U.S. Senators Smith & Barrasso Introduce Bipartisan Bill to Recruit and Retain Rural Health Care Providers

WASHINGTON D.C. [11/21/2019]—Today, on National Rural Health Day, U.S. Senators Tina Smith (D-Minn.) and John Barrasso (R-Wyo.)—both co-chairs of the Senate Rural Health Caucus—announced their bipartisan bill to address the disparity in access to health care in rural America by supporting key rural health workforce programs.

Right now, rural America is struggling to recruit and retain the health care providers they need to support their communities. Geographic isolation and scarce housing options create challenges for rural health care providers to attract primary and specialty care physicians, nurses, technicians, ambulance drivers, and case managers. Even when providers move to rural communities, the volume of their work can be overwhelming and reason enough to leave rural areas for urban cities. This leads to high turnover and exacerbates the disparity in access to care in rural America.

Sens. Smith and Barrasso’s Strengthening Our Rural Health Workforce Act would help rural communities overcome these challenges by ensuring the Primary Care Training and Enhancement program continues—which creates more training positions for family, general internal, and general pediatric physicians—and guaranteeing that the training has a rural focus. The bill also improves recruitment of providers by funding area health centers (AHECs), which help recruit and support practitioners in underserved and rural areas.

You can access a section-by-section of the bill here and a summary of the bill here.

“I’ve visited lots of rural doctors’ offices, clinics and hospitals where I’ve heard how difficult it can be to recruit and retain physicians and other medical professionals. Our bill would get at the root of this problem by helping health systems in rural areas recruit providers and support them so they’re more likely to stay,” said Sen. Smith. “It would create a rural health workforce commission of providers, health educators and rural leaders to address workforce challenges, because those who work and live in rural areas know best how to meet the health care needs of their communities. We also focus on strengthening access to mental health care, because access to comprehensive health care should not be dependent on where you live.”

Improving rural health care is a personal priority of mine. As co-chairman of the Senate Rural Health Caucus, I know patients deserve access to high-quality care, no matter where they live,” said Sen. Barrasso. “This bipartisan legislation improves access to providers in rural communities and focuses on future workforce needs. Together, Republicans and Democrats can make health care more accessible for all Americans.”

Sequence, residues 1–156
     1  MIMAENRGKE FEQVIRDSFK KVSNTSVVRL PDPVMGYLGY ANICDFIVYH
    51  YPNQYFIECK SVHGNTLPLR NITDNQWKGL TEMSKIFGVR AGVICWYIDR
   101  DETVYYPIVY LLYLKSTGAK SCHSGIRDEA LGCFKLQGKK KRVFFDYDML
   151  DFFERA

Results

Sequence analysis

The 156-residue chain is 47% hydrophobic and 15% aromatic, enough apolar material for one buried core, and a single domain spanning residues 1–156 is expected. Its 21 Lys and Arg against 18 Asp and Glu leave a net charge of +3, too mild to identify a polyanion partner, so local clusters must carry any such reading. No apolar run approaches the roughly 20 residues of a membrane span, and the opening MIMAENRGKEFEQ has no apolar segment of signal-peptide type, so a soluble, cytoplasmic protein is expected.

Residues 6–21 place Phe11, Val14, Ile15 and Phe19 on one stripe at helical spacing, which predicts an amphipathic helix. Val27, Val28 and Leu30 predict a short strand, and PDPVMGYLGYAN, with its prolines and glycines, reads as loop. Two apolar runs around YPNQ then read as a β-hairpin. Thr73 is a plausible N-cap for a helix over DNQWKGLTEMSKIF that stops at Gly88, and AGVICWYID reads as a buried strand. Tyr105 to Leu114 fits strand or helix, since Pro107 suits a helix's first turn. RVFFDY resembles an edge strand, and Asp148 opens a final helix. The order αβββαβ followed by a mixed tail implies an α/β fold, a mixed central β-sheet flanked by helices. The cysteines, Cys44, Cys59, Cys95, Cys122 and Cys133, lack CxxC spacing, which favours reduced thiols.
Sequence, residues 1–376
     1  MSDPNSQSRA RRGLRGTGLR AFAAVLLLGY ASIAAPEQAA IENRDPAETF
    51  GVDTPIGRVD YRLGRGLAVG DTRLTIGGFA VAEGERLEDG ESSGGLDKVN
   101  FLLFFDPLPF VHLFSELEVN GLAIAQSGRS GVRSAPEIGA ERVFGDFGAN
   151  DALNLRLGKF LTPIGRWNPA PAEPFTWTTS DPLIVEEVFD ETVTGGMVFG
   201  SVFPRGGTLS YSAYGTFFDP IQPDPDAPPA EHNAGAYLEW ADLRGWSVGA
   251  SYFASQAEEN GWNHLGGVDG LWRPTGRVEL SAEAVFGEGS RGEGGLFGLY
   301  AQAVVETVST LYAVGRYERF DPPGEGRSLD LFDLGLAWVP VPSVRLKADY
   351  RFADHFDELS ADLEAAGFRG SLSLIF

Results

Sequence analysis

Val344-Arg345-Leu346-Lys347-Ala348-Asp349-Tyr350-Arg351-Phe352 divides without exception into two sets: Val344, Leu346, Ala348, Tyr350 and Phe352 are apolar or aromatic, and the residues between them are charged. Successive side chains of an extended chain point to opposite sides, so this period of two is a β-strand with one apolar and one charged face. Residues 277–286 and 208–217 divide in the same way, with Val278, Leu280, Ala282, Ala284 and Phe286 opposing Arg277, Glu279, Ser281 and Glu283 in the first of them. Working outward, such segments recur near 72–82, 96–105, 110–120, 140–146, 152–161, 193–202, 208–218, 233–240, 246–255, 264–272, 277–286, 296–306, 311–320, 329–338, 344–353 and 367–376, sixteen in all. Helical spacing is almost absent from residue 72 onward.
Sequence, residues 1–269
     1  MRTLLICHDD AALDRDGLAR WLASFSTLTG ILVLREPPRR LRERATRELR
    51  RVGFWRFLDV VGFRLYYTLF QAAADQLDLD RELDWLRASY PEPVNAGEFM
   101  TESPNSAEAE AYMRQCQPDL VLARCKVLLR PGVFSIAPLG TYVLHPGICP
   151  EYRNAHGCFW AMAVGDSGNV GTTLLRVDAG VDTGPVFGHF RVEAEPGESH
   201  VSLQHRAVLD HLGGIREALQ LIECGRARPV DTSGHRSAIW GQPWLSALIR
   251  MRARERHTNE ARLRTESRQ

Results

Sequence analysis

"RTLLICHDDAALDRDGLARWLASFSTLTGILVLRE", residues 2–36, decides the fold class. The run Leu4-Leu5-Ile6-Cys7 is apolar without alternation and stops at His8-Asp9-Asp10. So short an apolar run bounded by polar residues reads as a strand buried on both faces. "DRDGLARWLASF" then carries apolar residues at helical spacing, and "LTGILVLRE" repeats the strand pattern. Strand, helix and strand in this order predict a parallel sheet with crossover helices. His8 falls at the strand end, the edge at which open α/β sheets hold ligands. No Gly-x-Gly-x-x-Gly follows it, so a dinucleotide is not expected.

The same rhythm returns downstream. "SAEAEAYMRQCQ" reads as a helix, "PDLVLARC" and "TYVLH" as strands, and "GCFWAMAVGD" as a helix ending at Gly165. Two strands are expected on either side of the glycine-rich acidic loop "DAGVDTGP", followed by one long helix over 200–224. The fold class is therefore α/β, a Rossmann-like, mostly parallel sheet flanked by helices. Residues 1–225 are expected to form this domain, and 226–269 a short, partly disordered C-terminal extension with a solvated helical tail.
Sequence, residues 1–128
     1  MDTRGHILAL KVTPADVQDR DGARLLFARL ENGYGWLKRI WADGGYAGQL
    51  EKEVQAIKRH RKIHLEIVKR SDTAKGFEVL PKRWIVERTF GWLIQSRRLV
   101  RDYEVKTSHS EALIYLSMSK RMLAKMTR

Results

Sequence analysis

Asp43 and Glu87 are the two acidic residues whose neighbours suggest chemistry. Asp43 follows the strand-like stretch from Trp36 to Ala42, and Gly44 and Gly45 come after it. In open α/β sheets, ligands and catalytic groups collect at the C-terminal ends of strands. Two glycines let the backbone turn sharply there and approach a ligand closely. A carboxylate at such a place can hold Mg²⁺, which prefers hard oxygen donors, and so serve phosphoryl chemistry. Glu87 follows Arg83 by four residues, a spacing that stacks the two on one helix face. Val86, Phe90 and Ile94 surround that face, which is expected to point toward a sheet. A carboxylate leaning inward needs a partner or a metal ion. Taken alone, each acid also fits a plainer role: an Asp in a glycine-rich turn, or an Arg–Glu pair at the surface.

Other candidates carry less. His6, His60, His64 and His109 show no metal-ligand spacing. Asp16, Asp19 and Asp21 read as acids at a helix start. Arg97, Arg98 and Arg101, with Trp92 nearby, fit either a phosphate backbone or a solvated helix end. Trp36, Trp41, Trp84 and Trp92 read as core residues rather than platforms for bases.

This legislation is supported by the National Rural Health Association, the National Association of County and City Health Officials, the Minnesota Medical Association, the Hazelden Betty Ford Foundation, the Council of Academic Family Medicine, the Minnesota Academy of Family Physicians, the National Association of Community Health Centers, the National Indian Health Board, and the American Hospital Association.

The Strengthening Our Rural Health Workforce Act would also establish a new National Rural Health Care Workforce Commission. The Commission—which may include providers, health educators, and other rural health leaders—will develop both short- and long-term goals to improve the rural health workforce and help coordinate work to achieve these goals across federal agencies and at the national, state, tribal, and local levels. Specifically, the Commission will make recommendations to:

  • Develop and improve training needed to overcome workforce challenges across diverse geographic regions;
  • Identify and help remove barriers to rural health workforce recruitment and retention efforts, prioritizing efforts to address workforce shortages in fields relating to substance use disorder treatment, emergency medicine, and other high-need areas;
  • Encourage innovation by disseminating information about best-practices and promising new models;
  • Collect and disseminate data about workforce supply and distribution; and
  • Support state, tribal, and local efforts to develop and deploy the rural health care workforce. 

Finally, Senator Smith and Barrasso’s legislation would award grants for States to translate the new Rural Health Care Workforce Commission’s recommendations into reality. States in rural areas would compete for grants to address the rural health workforce shortages in their own communities.

Earlier this year, Sens. Smith and Barrasso also introduced the Rural Health Clinic Modernization Act to modernize decades-old rules that are preventing communities from getting the best possible care at Rural Health Clinics. Their legislation would expand the ability of physician assistants and nurse practitioners to provide care in these clinics, and improve the ability of clinics to offer telehealth services.